VIDEO PODCAST: John Dante Prevedini leads a discussion about Youth Involvement in Classical Music - this specially extended illustrated feature includes contributions from Christopher Morley, Gerald Fenech, Halida Dinova, Patricia Spencer and Roderic Dunnett.
The sun was just beginning to set when the Metropolitan Opera's cameras focused on a small hillside platform overlooking the Mediterranean Sea as it cooled the white sands of the French Riviera below. Tenor Roberto Alagna and soprano Aleksandra Kurzak, husband-and-wife in real life, chose Èze, France, as the perfect locale from which to sing their program of arias and duets. Kurzak wore a soft, flowing gown printed with butterflies. Alagna wore a dark suit with an open-necked white shirt.
The fact that Kurzak was singing dramatic music with her exquisite light lyric voice was not a problem since the duo was accompanied by the Vienna Morphing Quintet rather than a full orchestra. They opened with 'Vogliatemi bene' ('Love Me') the Act I duet from Puccini's Madama Butterfly. Her sound was lyric. Her top notes were clear and easily reached. He had commanding dramatic tones but a few of his highest notes were not smoothly delivered. Standing on either side of the stage when they began, only late in the duet did this Butterfly and her Pinkerton meet physically.
The Vienna Morphing Quintet played a significant instrumental introduction to the next selection. 'Ah! lève-toi, soleil!' (Ah rise, Sun). Their first violinist is a gem and I wish I knew his name. After the introduction, Alagna sang this tenor aria from Gounod's Roméo et Juliette. I wondered if he was asking the sun to slow its journey because the concert was totally dependent on natural light.
Then came a piece that brought vocal sunshine to the stage. Kurzak sang 'Una voce poco fa' ('A Voice Just Now') from Rossini's Il Barbiere di Siviglia (The Barber of Seville). She intoned it with exquisitely clear, clean coloratura and showed the ability to both flirt and command. Continuing with 'Caro elisir' (Dear Elixir) from Donizetti's L'Elisir d'Amore (The Elixir of Love), Alagna put on a hilarious drunk scene, going from slightly tipsy and drinking from the bottle to being completely soused. As Nemorino, he even stuck a line from an old popular song in the middle of his music before holding his beloved Adina close and popping his cheek instead of kissing her.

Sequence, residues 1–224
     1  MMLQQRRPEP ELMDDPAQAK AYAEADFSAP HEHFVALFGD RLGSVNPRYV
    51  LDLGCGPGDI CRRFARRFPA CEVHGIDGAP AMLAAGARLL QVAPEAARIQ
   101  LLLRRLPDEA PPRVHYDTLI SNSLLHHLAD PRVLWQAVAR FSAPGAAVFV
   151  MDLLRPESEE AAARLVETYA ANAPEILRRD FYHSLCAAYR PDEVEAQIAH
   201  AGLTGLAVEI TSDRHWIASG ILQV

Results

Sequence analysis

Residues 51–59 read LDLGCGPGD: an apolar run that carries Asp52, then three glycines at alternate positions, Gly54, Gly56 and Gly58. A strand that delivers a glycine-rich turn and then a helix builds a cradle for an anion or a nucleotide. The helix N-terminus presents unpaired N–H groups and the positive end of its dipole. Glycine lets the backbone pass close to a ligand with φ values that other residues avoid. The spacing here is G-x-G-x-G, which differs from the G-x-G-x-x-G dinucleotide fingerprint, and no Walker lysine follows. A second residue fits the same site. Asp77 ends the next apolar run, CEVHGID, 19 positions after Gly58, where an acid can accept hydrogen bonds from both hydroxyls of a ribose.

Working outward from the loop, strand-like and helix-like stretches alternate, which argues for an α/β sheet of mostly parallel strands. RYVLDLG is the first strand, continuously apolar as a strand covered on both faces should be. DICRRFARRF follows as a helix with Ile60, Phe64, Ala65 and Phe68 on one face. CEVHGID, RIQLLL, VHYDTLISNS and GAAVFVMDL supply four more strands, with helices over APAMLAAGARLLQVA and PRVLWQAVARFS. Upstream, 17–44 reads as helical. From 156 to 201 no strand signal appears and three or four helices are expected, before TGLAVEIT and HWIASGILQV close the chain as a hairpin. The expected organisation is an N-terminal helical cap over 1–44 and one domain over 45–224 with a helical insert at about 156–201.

From the Donizetti comedy, Alagna turned to a sad Puccini aria sung in front of a gallows, 'Ch'ella mi creda libero e lontano' (Let her believe I'm free and far away) from La Fanciulla del West (The Girl of the Golden West). Alagna had a tear in his voice and he made the audience care about his character.
The artists followed the Puccini with some knock-down drag-out verismo from Mascagni, 'Tu qui, Santuzza' (You Here, Santuzza) from Cavalleria Rusticana (Rustic Chivalry). Santuzza asked to speak with Turiddu and he said 'Not now'. She kept asking him not to leave her but he made it clear that he had already fallen in love with another woman. She knelt and begged him to stay and he tried to comfort her without agreeing to stay. Finally, in a fit of anger, she warned him of trouble if he were to leave her. Alagna and Kurzak made the stage sizzle with their intensity.
After the heat of that duet, the duo took a break while the audience viewed a short interview and a delightful rendition of the duet 'Parlez-moi de ma mère' ('Speak to me of my Mother') from The Met's HD rendition of Bizet's Carmen. Kurzak gave the sometimes uninteresting Micaëla a realistic personality.
I am still wondering why Alagna and Kurzak placed the 'Ave Maria' from the last act of Verdi's Otello before 'Già nella notte densa' (Here in the dense night) from Act I of that opera. No matter, the 'Ave Maria' was a moving prayer that brought tears to my eyes. The duet was the perfect music for the fast falling Mediterranean night when the Pleiades were low and Venus had begun her trip across the sky.
Just enough light remained for three charming renditions of songs sung in languages spoken by many viewers. They sang and danced to the waltz from Lehár's The Merry Widow, 'Lippen schweigen' (Silent Lips). They added tambourine and trumpet for Mendoza y Cortés's 'Cielito lindo' (Beautiful sky) and Kurzak played the spoons for Denza's Alpine tram song, 'Funiculì, Funiculà.' Here's to Alagna, Kurzak and the Met for taking a chance on the weather and the light. The concert turned out gloriously.
Copyright © 17 August 2020